Animal welfare

Animal welfare: Answering some frequently asked questions | Local

Flagstaff animal lovers have high expectations for their shelter, so we’d like to answer some frequently asked questions.

Q It appears that High Country Humane (HCH) is always full and unable or unwilling to accommodate more animals. I heard people say they were turned away by the staff. What’s the point of having a shelter if you can’t accommodate an animal in case of need?

As the official shelter for Flagstaff and Coconino County, HCH has a responsibility to the community and a contractual obligation to provide the highest level of care possible and realizes that more animals need shelter than HCH does. can provide it. Shelters across the country are facing this challenge, and it is a multi-faceted problem.

What does “full” mean? It depends on whether the shelter is an open or managed shelter.

An open-entry shelter accepts any animal brought in and has no limit on the number of animals it will take; however, there is no guarantee that animals will not be euthanized when this shelter runs out of space.

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High Country Humane is a managed admissions shelter, which means that barring a community-wide emergency such as a major fire, the shelter “manages” the number of animals it will take in. some time. This helps to prevent illnesses within the shelter and to maintain the level of care provided. HCH has a live release rate of 97.2% and does NOT euthanize animals for time, space or treatable conditions.

The second component is space. The building that houses HCH was originally designed as a private facility, not a public shelter. According to established industry standards, HCH’s housing capacity is 2,500 animals per year.

In the three years that HCH has been open, animal consumption has exceeded that number. In 2019, total intakes were 2,818; in 2020, the total was 2,944; in 2021 it was 3,533 and 2022 is on track to exceed 4,000 animals.

Letting the shelter become overcrowded is in no one’s interest. This is why HCH often asks the community for help when the shelter is full. Help raising a litter of puppies or kittens or caring for an animal recovering from complicated surgery; assisting in the adoption or promoting the adoption of a dog or cat from a shelter; help understand the practical reasons for these policies and decisions.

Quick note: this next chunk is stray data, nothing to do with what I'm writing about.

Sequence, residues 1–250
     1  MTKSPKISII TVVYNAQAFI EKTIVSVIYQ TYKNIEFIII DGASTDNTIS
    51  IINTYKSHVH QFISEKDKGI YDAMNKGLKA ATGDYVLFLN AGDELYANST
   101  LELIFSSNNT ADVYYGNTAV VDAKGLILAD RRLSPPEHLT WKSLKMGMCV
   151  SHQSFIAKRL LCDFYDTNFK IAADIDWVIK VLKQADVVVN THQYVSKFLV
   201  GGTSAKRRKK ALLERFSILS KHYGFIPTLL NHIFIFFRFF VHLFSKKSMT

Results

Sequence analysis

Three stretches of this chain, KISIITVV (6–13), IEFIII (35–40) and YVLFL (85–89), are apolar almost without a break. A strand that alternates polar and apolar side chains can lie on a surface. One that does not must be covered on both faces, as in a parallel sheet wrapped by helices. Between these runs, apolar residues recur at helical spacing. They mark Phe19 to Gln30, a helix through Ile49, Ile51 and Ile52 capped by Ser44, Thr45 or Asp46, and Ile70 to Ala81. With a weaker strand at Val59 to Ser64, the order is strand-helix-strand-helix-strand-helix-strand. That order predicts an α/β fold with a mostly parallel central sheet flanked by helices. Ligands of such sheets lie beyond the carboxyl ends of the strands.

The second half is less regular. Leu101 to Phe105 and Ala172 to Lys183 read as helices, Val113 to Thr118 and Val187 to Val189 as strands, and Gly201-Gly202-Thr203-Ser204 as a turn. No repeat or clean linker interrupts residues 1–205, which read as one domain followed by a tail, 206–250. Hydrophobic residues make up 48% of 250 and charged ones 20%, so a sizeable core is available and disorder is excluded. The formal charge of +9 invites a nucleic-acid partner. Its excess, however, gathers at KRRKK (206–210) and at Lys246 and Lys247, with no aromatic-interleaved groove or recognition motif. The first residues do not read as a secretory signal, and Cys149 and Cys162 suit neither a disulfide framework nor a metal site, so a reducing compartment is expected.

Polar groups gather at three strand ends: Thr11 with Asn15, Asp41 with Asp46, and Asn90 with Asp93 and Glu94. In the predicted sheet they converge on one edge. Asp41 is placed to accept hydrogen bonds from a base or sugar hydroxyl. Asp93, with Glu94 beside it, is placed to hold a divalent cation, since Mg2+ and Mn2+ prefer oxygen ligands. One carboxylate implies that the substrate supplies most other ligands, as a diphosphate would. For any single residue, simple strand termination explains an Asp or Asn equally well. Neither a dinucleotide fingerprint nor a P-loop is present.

Q What options do pet owners have when circumstances dictate that they can no longer keep their pets, but the shelter is full? What if the owner doesn’t have time to look for a new home or has had no luck trying to rehome the animal?

The shelter is intended to serve as a temporary and safe place for stray animals, abandoned pets and emergency evacuations; Returning a pet to the shelter should be the last resort.

HCH knows the best place for a pet is with their family and offers options for most pet abandonment situations. These resources include help with pet food, medical bills, or behavioral issues. HCH asks owners handing over a pet to make an appointment online and asks them to take independent action first.

According to Liz Olson, General Manager, “Too often a homeowner waits until the last minute before asking for help. This is unfortunate, as it limits our ability to provide meaningful support.

HCH dedicates an entire page on its website (www.highcountryhumane.org/surrender-a-pet) to resources for owners facing this situation. If your situation requires your pet to be rehomed, please follow these steps first.

Q Veterinary care is so expensive! Are there plans to offer low-cost medical services other than sterilization, and when will the shelter start offering sterilization surgeries again?

Despite the high cost of adding low-cost medical services, estimated at $450,000 per year, HCH is committed to providing animals living in low-income households with the accessible, high-quality veterinary care they need. and they deserve.

HCH has been actively recruiting a second veterinarian and veterinary technical support staff for several months; however, there is currently a national shortage of veterinary care personnel. As soon as additional staff can be added, public sterilization surgeries will resume and the clinic will expand its services.

For answers to any other questions, please visit www.HighCountryHumane.org.

Written by High Country Humane Advisory Board Member Pam Tharp.